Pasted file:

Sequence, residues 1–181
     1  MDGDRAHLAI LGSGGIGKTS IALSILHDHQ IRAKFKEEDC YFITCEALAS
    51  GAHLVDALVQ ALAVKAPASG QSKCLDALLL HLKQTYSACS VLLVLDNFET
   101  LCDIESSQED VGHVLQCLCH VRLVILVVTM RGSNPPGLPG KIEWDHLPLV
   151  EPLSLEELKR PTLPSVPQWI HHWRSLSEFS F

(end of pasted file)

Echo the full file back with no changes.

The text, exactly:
Sequence, residues 1–181
     1  MDGDRAHLAI LGSGGIGKTS IALSILHDHQ IRAKFKEEDC YFITCEALAS
    51  GAHLVDALVQ ALAVKAPASG QSKCLDALLL HLKQTYSACS VLLVLDNFET
   101  LCDIESSQED VGHVLQCLCH VRLVILVVTM RGSNPPGLPG KIEWDHLPLV
   151  EPLSLEELKR PTLPSVPQWI HHWRSLSEFS F